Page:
Anne Nicol Gaylor Reproductive Rights Intern
Freedom From Religion Foundation
If you say the word “abortion,” what type of reaction do you get? Depending on the company, you may get a spectrum of responses from horrified to hushed.
For this, we can thank the vilification of abortion not only in practice but also in speech by religious extremists who seek to impose their worldview on a secular nation. As secularists, we must stand up for abortion by saying its name.
Much like “atheism” (the other “A word”), abortion is made to be synonymous with evil and diabolical acts. In truth, abortion is nothing more than a medical term. According to the U.S. National Library of Medicine, abortion means “a procedure to end a pregnancy. It uses medicine or surgery to remove the embryo or fetus and placenta from the uterus. The procedure is done by a licensed health care professional.”
Abortions are actually considered to be one of the safest medical procedures. Over 99 percent of abortions are completed without serious complications. Moreover, abortion is extremely common, with 25 percent of women in the United States having an abortion before they are 45 years old.
However, despite its safety and commonality, our culture seems to feel more comfortable with saying words like “termination,” “procedure,” and “the right to choose” when discussing abortion. We don’t do this with other medical terms like “tonsillectomy” or “colonoscopy” — medical procedures that are far riskier than abortions. It’s time that we stop living in fear of saying the word “abortion.”
President Biden, arguably one of the most visible supporters of abortion rights in the United States, has also been silent on the word. At a time when abortion advocacy is needed more than ever, Biden appears to try to placate his own Catholic Church that wishes to deny him Communion by not saying the word. As noted in a piece in the New York Times, his “avoidance [of the word ‘abortion’ is] so noticeable that one women’s health group has created a website tracking his reluctance, DidBidenSayAbortionYet.org.” (Spoiler alert: He hasn’t.)
It shouldn’t be lost on any of us that the disdain for abortion relates to other female-oriented words that are considered dirty. Euphemisms such as “that time of the month” serve as a substitute for “menstruation” and “private part” for “vagina.” The impetus for this can be seen in religious texts of various faiths that describe menstruating women as “unclean.” In the Christian bible, Genesis 3:14 decrees that women be cursed with have severely painful childbirths. And yet, the bible doesn’t say anything about abortion. In fact, the bible says that life begins at first breath.
Even still, the religious subjugation of women permeates so deeply into our vernacular that abortion, a simple woman’s medical procedure, is severely attacked as an affront to religion.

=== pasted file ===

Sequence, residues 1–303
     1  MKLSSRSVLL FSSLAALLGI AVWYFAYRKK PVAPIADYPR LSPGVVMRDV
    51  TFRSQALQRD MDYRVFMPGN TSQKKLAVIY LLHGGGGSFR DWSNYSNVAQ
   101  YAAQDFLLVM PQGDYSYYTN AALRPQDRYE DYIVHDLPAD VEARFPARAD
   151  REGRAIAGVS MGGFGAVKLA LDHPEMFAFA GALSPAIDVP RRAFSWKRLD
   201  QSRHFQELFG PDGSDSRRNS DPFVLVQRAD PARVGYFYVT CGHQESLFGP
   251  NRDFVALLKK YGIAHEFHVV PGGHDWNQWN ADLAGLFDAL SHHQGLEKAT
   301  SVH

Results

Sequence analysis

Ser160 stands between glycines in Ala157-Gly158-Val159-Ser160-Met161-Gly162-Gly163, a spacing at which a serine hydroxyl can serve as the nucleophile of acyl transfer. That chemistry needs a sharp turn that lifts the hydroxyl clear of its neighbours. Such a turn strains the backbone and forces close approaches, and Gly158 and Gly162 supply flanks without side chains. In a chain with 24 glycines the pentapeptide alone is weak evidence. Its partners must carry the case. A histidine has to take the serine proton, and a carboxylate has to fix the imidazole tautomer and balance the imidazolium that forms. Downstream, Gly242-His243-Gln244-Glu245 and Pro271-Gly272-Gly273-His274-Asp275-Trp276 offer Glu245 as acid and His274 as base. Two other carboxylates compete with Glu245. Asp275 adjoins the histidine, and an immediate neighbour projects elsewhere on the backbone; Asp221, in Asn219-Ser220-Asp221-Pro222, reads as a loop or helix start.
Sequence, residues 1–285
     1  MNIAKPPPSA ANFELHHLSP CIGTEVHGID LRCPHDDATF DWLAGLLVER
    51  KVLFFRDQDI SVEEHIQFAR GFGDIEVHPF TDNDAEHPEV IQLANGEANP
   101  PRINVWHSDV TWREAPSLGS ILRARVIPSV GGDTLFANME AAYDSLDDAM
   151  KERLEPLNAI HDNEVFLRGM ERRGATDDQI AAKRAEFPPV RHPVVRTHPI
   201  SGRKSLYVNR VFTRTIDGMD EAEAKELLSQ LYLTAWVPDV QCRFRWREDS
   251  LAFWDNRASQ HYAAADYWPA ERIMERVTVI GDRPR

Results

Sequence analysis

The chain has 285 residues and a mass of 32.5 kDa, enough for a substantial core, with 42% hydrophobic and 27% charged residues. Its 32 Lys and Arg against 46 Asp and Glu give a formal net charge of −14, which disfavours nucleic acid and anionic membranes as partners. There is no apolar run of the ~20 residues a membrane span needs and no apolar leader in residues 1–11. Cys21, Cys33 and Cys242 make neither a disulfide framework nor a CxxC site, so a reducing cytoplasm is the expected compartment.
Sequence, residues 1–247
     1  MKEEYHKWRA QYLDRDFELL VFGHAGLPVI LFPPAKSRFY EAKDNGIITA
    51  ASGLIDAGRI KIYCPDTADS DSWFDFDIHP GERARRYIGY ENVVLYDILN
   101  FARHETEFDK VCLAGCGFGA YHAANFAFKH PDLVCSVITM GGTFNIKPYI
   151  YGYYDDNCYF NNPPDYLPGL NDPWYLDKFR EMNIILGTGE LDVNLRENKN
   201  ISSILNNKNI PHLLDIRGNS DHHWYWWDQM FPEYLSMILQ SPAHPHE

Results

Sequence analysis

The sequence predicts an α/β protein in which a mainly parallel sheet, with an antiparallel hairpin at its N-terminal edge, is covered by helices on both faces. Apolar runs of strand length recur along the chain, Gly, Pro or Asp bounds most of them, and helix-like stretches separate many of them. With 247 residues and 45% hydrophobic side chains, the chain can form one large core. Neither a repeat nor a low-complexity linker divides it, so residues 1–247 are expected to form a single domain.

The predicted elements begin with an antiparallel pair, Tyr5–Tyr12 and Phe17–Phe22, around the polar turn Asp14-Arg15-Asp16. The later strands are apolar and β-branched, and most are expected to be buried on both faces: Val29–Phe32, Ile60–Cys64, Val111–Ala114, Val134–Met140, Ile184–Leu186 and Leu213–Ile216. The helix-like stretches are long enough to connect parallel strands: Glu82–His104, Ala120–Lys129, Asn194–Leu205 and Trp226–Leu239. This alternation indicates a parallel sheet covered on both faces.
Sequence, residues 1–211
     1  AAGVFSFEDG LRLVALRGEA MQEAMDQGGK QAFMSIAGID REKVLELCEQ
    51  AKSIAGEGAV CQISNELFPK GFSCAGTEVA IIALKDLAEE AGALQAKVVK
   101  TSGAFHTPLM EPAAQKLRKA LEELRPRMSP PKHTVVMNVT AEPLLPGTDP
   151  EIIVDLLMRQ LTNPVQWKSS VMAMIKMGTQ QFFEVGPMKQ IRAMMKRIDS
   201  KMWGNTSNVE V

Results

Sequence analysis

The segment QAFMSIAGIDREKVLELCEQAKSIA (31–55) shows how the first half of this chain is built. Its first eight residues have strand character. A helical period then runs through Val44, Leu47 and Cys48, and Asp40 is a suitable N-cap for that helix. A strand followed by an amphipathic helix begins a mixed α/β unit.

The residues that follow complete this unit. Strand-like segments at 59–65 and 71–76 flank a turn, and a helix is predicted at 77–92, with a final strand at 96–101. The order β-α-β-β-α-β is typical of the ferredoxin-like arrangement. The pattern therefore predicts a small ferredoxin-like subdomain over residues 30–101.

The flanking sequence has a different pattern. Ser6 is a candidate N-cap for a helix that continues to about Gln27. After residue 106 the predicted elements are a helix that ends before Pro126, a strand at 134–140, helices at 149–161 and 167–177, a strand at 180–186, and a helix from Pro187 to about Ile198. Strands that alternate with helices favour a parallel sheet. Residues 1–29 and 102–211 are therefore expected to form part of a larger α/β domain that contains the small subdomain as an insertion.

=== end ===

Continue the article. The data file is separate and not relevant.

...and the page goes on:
Abortion is a word that we shouldn’t fear. In fact, abortion can be a force for good. Indeed, Anne Nicol Gaylor, FFRF’s principal co-founder and an abortion rights activist, titled her provocative book Abortion is a Blessing. Published in 1975, just two years after Roe v. Wade made abortion a constitutional right in the United States, her groundbreaking text explained the importance of challenging the vocabulary that is used by the Religious Right. Gaylor wrote: “Those who oppose abortion are not ‘right-to-lifers,’ they are anti-abortionists or compulsory-pregnancy people. Those who adhere to the pure Catholic doctrine, and do not believe in abortion even to save a woman’s life (and there are a surprising number of these on the speaking circuit), quite properly can be described as being against the right to life for women.”
But more so than challenging the vocabulary of the Religious Right, we must also challenge ourselves. As Gaylor declared, “Euphemisms are not honest.” When we play into the Religious Right’s hand of fearing the word “abortion,” we make it easier for them to pass abstinence-only sex education programs, provide funding to anti-science Crisis Pregnancy Clinics, and penalize health facilities like Planned Parenthood.
For example, 2021 is on track to be a record-setting year for anti-abortion legislation — with more than 561 abortion restrictions introduced since January. In fact, eight states have introduced legislation that would establish fetal personhood. Additionally, the ultraconservative Supreme Court is scheduled to hear an anti-abortion case that could effectively overturn Roe v. Wade. This unsettling news signals that this is no time to be quiet about abortion rights.
There are a number of initiatives that we must ask our members of Congress to support:
- The removal of the Hyde Amendment from appropriations bills to make abortion care available on federal insurance plans, including Medicaid.
- The EACH Act, which would permanently end the Hyde Amendment.
- The permanent lifting of unnecessary bans on medication abortions by the FDA.
- The Women’s Health Protection Act, which guarantees a federal right to abortion.
- The Global Her Act, which would permanently end the Global Gag Rule and protect abortion rights all over the world.
We can also donate to the Women’s Medical Fund, which was co-founded by Gaylor, and helps an average of 900-1,000 Wisconsin residents obtain affordable abortion care each year. You can make a tax-deductible donation here.
And, perhaps most importantly, let’s destigmatize abortion by saying the word “abortion.”